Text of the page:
Yet with these advantages came pronounced urban problems. By the mid 1920s city streets were clogged with traffic—automobiles, trucks, taxicabs—and plans to relieve this vehicular congestion were either nonexistent or impractical, as was Harvey Wiley Corbett's vision of major city thoroughfares constructed many stories above existing streets. The internal-combustion engine also created increased levels of air pollution in cities: an 11 March...
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Suburbs and the Automobile.
The city offered economic opportunity and cultural excitement, but it also provoked in many Americans of the decade a nostalgia for the small-town or rural homes of their childhood—a desire for a private refuge from the traffic, noise, air pollution, and general commotion of the urban scene. The 1920s saw a boom in the housing industry, with 767,000 units built in 1922 and 1,048,000 units in 1925, most of these in the expanding suburbs. The middle class could elect to move to the suburbs because automobiles—the primary form of transportation between the job in the city and the home in the suburbs—were becoming more affordable. New and used Model Ts and other relatively inexpensive cars were widely available, and by 1930 more than 22 million of these vehicles were on American roads.
Affordable Middle-Class Housing.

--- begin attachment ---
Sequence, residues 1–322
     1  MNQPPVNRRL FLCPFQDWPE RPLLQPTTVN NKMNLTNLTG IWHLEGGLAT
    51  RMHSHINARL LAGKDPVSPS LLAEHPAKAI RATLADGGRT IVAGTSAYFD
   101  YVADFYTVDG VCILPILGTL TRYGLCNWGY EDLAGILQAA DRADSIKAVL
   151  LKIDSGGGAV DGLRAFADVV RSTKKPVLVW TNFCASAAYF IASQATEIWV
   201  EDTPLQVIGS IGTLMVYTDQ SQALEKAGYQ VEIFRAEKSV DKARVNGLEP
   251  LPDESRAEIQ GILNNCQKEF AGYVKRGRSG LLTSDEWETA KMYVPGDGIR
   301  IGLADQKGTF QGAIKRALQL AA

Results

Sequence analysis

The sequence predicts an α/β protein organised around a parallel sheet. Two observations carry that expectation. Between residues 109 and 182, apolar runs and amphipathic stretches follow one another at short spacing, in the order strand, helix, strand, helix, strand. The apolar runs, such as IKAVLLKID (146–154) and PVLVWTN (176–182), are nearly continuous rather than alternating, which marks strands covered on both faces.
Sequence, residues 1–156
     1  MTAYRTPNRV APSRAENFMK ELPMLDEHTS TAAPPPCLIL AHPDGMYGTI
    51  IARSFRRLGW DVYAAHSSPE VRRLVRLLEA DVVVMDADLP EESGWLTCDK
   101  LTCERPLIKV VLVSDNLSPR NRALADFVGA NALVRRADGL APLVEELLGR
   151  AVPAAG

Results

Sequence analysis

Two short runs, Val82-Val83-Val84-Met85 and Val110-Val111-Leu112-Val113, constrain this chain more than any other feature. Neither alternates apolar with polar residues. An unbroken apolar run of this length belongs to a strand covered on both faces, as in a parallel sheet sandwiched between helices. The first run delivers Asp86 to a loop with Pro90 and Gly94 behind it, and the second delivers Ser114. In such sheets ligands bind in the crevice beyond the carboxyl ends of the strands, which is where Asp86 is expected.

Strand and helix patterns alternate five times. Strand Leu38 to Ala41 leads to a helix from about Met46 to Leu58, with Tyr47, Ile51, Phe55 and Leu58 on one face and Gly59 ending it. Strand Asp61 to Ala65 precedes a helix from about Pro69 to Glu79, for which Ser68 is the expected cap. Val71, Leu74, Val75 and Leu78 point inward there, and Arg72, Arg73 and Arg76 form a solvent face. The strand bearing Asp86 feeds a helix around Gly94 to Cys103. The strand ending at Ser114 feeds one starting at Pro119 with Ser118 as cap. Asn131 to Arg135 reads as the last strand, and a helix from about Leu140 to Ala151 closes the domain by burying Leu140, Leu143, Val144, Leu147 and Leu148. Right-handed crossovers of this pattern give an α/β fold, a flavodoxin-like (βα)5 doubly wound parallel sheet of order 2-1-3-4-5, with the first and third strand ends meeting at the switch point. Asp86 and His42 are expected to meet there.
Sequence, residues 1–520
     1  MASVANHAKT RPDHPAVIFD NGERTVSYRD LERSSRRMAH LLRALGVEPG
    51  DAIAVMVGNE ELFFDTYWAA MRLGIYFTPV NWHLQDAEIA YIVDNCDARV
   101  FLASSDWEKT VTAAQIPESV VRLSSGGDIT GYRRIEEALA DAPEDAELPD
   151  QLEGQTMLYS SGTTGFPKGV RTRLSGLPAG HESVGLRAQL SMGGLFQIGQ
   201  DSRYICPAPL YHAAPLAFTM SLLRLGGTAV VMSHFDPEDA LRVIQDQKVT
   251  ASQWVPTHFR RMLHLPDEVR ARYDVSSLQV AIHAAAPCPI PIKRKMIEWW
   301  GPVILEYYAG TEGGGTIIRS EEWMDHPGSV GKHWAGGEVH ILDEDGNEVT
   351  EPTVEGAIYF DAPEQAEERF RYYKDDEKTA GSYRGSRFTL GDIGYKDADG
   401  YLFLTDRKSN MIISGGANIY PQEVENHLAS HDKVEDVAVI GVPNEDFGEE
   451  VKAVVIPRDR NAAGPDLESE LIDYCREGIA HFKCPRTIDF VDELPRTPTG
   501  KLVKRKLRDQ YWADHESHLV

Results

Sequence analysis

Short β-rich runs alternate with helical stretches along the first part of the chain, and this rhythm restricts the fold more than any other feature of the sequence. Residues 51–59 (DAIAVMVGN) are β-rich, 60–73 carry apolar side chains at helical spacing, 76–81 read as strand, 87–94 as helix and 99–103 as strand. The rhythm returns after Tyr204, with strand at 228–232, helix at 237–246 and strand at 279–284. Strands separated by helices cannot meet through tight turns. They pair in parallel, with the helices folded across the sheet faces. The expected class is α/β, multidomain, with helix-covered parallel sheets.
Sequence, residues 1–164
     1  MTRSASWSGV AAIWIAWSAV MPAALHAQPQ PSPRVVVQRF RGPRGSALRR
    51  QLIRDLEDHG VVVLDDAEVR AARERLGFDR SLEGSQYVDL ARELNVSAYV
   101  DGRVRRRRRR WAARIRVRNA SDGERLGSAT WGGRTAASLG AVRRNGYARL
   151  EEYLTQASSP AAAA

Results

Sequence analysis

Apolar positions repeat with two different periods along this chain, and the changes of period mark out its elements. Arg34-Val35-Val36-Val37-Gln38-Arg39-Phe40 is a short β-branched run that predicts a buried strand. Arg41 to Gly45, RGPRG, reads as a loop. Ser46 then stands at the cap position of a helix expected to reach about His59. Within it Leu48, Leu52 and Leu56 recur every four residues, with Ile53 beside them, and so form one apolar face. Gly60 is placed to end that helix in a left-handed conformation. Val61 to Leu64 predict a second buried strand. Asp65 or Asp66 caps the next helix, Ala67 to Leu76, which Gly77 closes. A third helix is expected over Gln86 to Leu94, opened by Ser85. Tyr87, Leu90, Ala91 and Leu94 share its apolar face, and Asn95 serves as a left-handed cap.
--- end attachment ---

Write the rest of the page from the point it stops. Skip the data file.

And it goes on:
Although flight from the city had begun during the prewar period as an upper-class phenomenon, such exclusive suburban neighborhoods as Grosse Point, Michigan; Lake Forest, Illinois; or Tuxedo Park, New York, were gradually joined by humbler middle-class subdivisions. An annual family income of $2,500 and the newly popular installment plan made it possible for an upper-level bank clerk or a manager of a shoe store to purchase both an inexpensive automobile and a small suburban bungalow-style...
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During the 1920s the interior design of homes, offices, and public buildings attracted greater general interest in America than it ever had in the past. Choice and arrangement of furnishings—whether chairs, lamps, floor coverings, or art objects—became subjects for professional training as well as measures of the homeowner's or apartment dweller's taste. The August 1924 Vanity Fair advertised eight schools of interior design, the majority centered in New York City, the others were in Boston and Cambridge, Massachusetts, and in San Francisco, and two of the eight claimed European branches in Paris and Florence. The decade saw the profusion of how-to books, such as Ethel Davis Seal's Furnishing the Little House (1924) and The House Beautiful Furnishing Annual 1926 (1925)—the latter of which bore the subtitle A Comprehensive and Practical Manual for the Guidance of All Who Seek Comfortable and Attractive Homes. Interior design was treated regularly in such magazines as House Beautiful, Arts & Decoration, and Fruit, Garden and Home (founded in 1922 and renamed later in the decade Better Homes & Gardens). Home decoration also became a recurrent subject for fashion magazines, notably Vogue and Harper's Bazaar. In the 1920s fashion clearly extended beyond clothing and hairstyles to include the...